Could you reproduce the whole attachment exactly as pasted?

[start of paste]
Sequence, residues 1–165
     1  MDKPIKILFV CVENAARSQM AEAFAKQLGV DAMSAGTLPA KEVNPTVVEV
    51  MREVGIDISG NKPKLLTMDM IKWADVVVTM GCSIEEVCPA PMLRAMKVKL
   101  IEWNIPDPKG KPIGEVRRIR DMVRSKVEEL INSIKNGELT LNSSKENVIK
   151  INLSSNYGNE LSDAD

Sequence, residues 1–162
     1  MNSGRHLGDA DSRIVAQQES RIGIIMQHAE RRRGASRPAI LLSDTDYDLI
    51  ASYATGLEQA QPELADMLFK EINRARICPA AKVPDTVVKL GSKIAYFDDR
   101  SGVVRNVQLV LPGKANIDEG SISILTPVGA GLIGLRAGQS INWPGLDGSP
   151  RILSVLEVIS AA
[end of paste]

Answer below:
Sequence, residues 1–165
     1  MDKPIKILFV CVENAARSQM AEAFAKQLGV DAMSAGTLPA KEVNPTVVEV
    51  MREVGIDISG NKPKLLTMDM IKWADVVVTM GCSIEEVCPA PMLRAMKVKL
   101  IEWNIPDPKG KPIGEVRRIR DMVRSKVEEL INSIKNGELT LNSSKENVIK
   151  INLSSNYGNE LSDAD

Sequence, residues 1–162
     1  MNSGRHLGDA DSRIVAQQES RIGIIMQHAE RRRGASRPAI LLSDTDYDLI
    51  ASYATGLEQA QPELADMLFK EINRARICPA AKVPDTVVKL GSKIAYFDDR
   101  SGVVRNVQLV LPGKANIDEG SISILTPVGA GLIGLRAGQS INWPGLDGSP
   151  RILSVLEVIS AA